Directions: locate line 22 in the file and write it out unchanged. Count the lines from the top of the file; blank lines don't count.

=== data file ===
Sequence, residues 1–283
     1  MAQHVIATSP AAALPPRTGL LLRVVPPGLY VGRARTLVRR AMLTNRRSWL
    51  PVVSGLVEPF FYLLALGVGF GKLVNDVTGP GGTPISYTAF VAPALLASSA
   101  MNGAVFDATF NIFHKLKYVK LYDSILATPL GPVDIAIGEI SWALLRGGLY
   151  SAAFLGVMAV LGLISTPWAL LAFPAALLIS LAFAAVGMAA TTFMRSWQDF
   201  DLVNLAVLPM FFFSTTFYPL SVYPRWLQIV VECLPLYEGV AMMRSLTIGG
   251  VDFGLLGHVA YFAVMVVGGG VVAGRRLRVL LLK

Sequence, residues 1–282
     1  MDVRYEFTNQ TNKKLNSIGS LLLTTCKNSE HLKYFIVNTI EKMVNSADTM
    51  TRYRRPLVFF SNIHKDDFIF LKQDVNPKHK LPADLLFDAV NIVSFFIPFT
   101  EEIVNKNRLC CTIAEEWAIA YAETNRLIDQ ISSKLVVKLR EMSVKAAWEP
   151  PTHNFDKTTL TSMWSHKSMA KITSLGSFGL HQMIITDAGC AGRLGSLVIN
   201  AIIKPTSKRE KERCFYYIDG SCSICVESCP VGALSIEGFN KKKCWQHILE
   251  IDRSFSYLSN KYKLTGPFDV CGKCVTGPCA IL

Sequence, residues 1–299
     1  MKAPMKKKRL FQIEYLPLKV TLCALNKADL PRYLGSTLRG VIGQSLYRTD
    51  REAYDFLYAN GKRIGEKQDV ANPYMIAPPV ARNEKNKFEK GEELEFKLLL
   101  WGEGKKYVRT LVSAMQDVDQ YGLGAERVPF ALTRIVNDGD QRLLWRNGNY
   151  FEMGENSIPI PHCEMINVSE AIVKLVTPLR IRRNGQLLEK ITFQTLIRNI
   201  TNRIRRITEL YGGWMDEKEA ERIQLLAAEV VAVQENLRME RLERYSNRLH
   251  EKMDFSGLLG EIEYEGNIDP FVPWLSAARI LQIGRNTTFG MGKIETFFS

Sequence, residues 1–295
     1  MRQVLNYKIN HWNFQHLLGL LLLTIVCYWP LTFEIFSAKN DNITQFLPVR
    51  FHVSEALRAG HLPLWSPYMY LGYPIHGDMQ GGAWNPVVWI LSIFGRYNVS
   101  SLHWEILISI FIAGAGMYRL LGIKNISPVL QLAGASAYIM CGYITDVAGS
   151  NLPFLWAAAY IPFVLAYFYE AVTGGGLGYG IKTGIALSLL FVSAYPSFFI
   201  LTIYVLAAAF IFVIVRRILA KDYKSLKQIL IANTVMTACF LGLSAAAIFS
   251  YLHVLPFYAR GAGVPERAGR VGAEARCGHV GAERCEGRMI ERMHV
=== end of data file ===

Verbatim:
Sequence, residues 1–295